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I primarily support the Department of Veterans Affairs account within our civil health business. My background is technology, so I’m mostly involved in the technology side, but I play a leadership role as well.
Our VA contracts today are a healthy mix of both technology-based and non-technology-based work. On the technology side we do everything from software development to cloud to hosting to IT project management and enterprise architecture.
But serving veterans is something I do in my personal time, as well, by volunteering. And that makes it easy to find purpose in the work we do at Booz Allen.
John Peterson is a vice president in our civil health business with a specific market focus on the Department of Veterans Affairs managing technology solution development opportunities. He also serves as a system delivery functional management team lead for the health account.
The vast majority of his career has been spent supporting federal healthcare organizations. This has included the Department of Veterans Affairs, the Military Health System, the VA/Department of Defense Interagency Program Office, and the Department of Health and Human Services (primarily the Centers for Medicare and Medicaid Services and the Indian Health Service).
In addition, John spent 19 years in the federal government strategic business unit at Electronic Data Systems, where he was vice president in the federal government healthcare sector. At EDS, he supported numerous clients, including DoD Health Affairs, the U.S. Air Force Electronic Systems Command, the PEO for Standard Army Management Information Systems, and the Department of Veteran Affairs.
John has a bachelor’s degree in business management and computer science from Boston College.
What makes you passionate about what you do for Booz Allen? I was born in an Army hospital, my dad is a veteran, my brother is a Gulf War veteran, and living in the DC area you’re surrounded by veterans. Everybody knows somebody who’s gone to war; a lot of people know people who have not made it back. Serving the veteran is something I do in my personal time from a volunteering standpoint, and having that connection with my business dealings makes it easy to find purpose in the work we do.
Why would you say that Booz Allen is an ideal firm for someone with your skill set and your work history? Because I have worked with the VA for so long I have a really good understanding for the culture, the business lines that make up the VA, and a lot of the people at the VA. So I’m able to bring that, and it’s part of why I feel like a contributor to the team.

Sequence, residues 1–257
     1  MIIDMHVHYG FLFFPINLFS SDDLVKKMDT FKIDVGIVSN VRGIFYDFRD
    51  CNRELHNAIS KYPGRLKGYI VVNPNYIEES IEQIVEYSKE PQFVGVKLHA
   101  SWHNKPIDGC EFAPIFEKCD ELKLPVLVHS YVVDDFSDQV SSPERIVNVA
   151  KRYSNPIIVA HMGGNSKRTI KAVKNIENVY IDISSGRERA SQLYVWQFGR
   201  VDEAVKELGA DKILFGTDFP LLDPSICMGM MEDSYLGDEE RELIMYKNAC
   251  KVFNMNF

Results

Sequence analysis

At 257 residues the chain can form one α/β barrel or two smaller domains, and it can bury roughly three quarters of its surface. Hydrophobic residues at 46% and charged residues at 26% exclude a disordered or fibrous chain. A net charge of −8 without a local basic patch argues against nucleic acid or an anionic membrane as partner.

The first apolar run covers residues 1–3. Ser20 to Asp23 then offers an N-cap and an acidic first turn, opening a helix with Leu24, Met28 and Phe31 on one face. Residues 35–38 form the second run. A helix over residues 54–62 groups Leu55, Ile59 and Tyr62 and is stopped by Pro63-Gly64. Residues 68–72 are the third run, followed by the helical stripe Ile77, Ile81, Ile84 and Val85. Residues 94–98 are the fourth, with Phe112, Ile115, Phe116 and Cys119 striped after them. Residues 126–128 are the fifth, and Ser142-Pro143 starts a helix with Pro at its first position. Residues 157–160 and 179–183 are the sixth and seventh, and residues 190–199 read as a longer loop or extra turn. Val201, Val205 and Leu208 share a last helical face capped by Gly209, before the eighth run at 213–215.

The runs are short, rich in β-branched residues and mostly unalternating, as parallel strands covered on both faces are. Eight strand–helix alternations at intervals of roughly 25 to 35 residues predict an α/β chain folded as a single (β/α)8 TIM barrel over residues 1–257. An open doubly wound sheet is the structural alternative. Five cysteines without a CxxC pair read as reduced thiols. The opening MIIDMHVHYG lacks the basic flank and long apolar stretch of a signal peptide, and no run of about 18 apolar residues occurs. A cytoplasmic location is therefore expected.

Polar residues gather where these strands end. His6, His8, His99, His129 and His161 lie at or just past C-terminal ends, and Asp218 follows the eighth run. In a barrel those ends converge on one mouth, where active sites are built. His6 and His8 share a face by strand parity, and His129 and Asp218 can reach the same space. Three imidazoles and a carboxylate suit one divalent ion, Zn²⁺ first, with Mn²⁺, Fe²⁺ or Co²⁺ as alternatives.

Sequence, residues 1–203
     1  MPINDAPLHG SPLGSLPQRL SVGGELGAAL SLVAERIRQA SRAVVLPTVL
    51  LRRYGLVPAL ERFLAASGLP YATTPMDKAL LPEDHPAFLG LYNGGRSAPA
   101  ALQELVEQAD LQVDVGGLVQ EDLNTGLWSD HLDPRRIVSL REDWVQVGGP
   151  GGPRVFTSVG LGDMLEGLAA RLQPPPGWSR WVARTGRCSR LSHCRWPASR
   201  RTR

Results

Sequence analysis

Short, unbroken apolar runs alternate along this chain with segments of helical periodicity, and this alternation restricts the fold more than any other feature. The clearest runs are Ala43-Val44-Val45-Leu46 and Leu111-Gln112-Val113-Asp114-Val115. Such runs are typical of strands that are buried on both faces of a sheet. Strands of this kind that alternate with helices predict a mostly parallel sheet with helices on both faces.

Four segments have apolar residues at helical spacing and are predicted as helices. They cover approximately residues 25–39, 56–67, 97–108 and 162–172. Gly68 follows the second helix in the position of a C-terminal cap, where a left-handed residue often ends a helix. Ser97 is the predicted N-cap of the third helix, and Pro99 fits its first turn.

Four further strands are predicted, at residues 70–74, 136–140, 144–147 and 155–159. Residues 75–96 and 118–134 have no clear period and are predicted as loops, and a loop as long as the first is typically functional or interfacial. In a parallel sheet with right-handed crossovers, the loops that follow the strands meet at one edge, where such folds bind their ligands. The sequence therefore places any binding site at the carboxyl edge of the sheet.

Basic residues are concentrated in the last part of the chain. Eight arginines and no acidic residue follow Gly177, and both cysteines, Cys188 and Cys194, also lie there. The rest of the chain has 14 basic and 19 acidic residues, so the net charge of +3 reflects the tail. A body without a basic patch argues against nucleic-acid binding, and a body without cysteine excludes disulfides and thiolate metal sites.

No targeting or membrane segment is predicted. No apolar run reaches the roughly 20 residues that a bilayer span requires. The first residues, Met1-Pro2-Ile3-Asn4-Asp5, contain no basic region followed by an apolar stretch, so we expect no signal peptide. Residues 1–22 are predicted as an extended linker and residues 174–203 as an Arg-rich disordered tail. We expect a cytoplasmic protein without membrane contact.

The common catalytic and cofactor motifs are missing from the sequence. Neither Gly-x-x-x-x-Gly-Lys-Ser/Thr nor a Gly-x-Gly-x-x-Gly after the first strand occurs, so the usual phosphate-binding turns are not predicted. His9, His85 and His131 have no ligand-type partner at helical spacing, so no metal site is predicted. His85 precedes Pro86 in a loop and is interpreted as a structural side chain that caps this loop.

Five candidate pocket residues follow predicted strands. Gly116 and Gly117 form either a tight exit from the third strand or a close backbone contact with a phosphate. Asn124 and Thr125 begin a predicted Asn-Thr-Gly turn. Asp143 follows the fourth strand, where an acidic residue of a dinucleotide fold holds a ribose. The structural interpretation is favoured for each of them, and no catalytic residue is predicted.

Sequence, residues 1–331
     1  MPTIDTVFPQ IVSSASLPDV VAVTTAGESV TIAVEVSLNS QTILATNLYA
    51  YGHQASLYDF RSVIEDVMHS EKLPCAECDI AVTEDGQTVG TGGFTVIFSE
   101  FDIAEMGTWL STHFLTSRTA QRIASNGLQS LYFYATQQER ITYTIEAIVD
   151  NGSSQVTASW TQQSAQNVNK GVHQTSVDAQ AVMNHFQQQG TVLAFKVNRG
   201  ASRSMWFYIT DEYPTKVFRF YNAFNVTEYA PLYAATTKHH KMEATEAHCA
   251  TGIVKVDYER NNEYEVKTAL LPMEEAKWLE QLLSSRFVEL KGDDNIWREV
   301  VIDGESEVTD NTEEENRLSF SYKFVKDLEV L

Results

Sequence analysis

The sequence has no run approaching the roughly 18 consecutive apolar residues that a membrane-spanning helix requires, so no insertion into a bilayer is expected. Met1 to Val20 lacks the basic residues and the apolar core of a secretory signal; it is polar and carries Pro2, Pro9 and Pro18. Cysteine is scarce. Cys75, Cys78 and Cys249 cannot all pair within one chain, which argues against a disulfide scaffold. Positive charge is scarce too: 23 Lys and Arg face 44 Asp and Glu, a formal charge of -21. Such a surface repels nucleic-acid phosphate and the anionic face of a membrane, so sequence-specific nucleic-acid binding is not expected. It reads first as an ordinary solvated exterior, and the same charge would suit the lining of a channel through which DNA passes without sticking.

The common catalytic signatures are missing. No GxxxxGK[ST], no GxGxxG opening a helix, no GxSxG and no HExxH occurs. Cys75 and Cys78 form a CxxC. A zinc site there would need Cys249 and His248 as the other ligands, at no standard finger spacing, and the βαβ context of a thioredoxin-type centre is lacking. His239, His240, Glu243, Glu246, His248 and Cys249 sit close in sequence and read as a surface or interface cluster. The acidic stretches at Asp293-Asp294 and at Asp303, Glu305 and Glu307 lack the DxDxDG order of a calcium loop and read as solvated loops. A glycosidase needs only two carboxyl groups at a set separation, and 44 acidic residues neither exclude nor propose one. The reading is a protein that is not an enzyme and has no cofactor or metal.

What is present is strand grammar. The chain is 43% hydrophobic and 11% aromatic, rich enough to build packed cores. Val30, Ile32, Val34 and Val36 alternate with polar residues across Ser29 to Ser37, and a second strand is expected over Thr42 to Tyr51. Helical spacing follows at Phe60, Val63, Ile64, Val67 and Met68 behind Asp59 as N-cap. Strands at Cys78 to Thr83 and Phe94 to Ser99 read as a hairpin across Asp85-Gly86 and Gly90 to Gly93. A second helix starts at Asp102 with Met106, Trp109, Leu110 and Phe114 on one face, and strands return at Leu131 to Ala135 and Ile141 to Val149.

How do you motivate your team? I always like to give the people under me enough rope. It means giving them the opportunity to succeed, run free, lead, explore. There are people who will come in and say, “Tell me what to do.” That’s not what I want. I want to tell you what the goal is, and I want you to figure out how to accomplish it. What’s the best way to get there?
What mentorship advice would you give to someone who’s taking on a new leadership role? Trust your staff, stay close enough to them to make sure they are headed in the right direction and that their needs are met—whether that’s more people, more tools, more information. And don’t try to make all the decisions for them.
Why is volunteerism is important to you? I’m involved with an organization called the Paralyzed Veterans of America, the PVA. Among other activities, PVA has a national veterans wheelchair games every summer. They get 500 to 600 veterans who are wheelchair bound into an Olympic-type setting where there are 22 events to compete in. This includes everything from shooting to obstacle courses to track and field events. My family and I have volunteered at those games for the last 6 years. Going to events like that and seeing these men and women compete at an amazing level, despite the physical limitations they have, is really an emotional thing.
When you were young, what did you want to be when you grew up? When I was a little kid I wanted to be a fireman, but that’s because my grandfather was a fireman. That was probably when I was 5 to 6 years old. Now I want to grow up to be a carpenter. Working with wood and my hands is my favorite hobby.